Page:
Buckingham Council has launched its 12 month e-scooter rental trial that will see microbility offered to those in High Wycombe and Aylesbury through provider Zipp Mobility.
The trial is expected to be operational in November and will follow popular routes through both towns.
Geofencing technology will prevent them operating outside of set areas.
Special 'parking zones' will also be marked out to make pick up and drop off easier.
Nick Naylor, Buckinghamshire Council cabinet member for transport, said: “Since the start of the coronavirus pandemic we’ve all experienced huge changes in our daily lives, not least in the way we travel.
“In addition to looking at ways to encourage more cycling and walking, the e-scooter trials
bring a new dimension to short distance travel in our two main town centres.”
Naylor said that with coronavirus restrictions set to continue for months to come, it will be vital to keep investing in town centres and new forms of micro-transport.
Zipp Mobility has already led several informal discussions with local councillors and other stakeholders, in particular representatives of disability organisations, to understand their concerns and address them directly in designing the trial.
Will O’Brien, VP of growth & government affairs at Zipp Mobility, said: “It is vital to us that we work closely with Buckinghamshire Council and local stakeholders while we design and plan this trial in order for it to best meet the needs of the community.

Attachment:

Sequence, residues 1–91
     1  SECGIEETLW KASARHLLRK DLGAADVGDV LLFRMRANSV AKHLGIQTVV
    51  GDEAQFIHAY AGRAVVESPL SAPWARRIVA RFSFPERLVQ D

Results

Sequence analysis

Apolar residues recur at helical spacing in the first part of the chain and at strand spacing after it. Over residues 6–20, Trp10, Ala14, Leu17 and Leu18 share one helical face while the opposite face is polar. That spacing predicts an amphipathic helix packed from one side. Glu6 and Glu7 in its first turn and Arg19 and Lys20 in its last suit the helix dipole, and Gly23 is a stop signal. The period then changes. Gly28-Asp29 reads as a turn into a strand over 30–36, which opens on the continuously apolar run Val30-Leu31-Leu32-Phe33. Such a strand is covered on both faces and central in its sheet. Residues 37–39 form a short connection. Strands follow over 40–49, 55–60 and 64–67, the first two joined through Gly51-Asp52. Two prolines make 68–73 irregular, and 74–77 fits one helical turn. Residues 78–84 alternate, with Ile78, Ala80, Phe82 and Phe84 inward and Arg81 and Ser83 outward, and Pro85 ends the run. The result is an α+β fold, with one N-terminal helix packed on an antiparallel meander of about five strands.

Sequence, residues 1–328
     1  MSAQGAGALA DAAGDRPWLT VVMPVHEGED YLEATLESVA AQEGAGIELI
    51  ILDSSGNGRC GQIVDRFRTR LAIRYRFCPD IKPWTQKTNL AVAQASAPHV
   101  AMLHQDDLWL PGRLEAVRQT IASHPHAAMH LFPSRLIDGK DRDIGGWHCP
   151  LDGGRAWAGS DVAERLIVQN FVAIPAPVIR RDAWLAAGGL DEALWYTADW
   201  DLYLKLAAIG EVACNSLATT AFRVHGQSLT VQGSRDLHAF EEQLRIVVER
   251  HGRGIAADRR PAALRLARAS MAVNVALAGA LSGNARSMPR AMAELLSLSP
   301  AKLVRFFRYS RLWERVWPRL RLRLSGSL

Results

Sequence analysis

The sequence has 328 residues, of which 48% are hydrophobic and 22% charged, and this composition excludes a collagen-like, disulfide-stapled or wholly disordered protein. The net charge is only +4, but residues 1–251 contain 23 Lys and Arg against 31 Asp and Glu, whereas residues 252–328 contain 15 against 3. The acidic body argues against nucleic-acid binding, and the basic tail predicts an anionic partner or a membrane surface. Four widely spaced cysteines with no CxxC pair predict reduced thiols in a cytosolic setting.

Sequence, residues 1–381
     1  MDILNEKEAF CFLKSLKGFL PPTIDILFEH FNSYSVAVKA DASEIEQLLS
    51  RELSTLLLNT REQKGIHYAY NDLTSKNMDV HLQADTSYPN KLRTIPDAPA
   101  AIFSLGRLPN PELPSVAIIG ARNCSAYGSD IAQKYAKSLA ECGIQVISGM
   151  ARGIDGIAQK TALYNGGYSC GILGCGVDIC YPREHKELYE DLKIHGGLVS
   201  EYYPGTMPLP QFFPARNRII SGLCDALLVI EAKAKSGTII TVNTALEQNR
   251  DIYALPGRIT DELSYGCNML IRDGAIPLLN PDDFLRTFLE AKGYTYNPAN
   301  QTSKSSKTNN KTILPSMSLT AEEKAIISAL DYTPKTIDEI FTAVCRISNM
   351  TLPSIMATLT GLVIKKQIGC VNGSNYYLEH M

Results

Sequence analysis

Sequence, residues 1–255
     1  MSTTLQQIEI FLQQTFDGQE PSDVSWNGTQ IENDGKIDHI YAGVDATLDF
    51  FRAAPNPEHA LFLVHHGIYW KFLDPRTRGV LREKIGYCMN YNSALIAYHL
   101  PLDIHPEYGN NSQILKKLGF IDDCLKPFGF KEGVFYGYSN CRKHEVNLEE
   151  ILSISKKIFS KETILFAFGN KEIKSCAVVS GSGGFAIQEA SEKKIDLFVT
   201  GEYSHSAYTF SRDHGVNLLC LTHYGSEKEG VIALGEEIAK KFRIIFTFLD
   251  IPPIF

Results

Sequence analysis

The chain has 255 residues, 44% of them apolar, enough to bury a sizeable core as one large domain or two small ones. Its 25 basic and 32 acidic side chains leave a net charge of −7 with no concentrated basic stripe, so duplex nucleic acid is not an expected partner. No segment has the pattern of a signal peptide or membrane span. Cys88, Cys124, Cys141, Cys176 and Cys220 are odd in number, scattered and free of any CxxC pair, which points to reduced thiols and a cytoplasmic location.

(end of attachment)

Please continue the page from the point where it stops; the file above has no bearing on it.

“Through extensive stakeholder engagement we have gained valuable local knowledge into the design to ensure we deliver the best trial possible for Buckinghamshire.”
The scooters won’t operate in pedestrian areas
Zipp’s scooters are designed in California specifically for the rental market.
Zipp Mobility will be undertaking in-person, education and training sessions before the trials get fully underway.
These will be socially distanced and follow all COVID-compliant rules.
This will give people interested in using a scooter the opportunity to try one out before renting.
In order to ride an e-scooter, a person will have to be over 16 and at the very least hold a provisional driving license.
A verifiable ID check will also be undertaken before a rider can hire a scooter. Scooters will be booked and paid for via the Zipp Mobility app.
The Zipp scooters will be using geofencing technology to prevent riders from going into wholly pedestrian areas or onto major roads.
If they try, the scooter motors will slow down to a standstill – until they return to a permitted riding route.
The maximum speed limit is 15.5 mph and it is possible to use the technology to automatically reduce speeds and create slow zones in specified areas.
To reduce the incidence of ‘scooter littering’ (where scooters are simply abandoned by their riders) the Buckinghamshire scheme will utilise marked parking bays where riders will start and finish their journeys.
During the trial there will be regular opportunities for community feedback and the trial can be modified at any time to respond to local concerns or opportunities.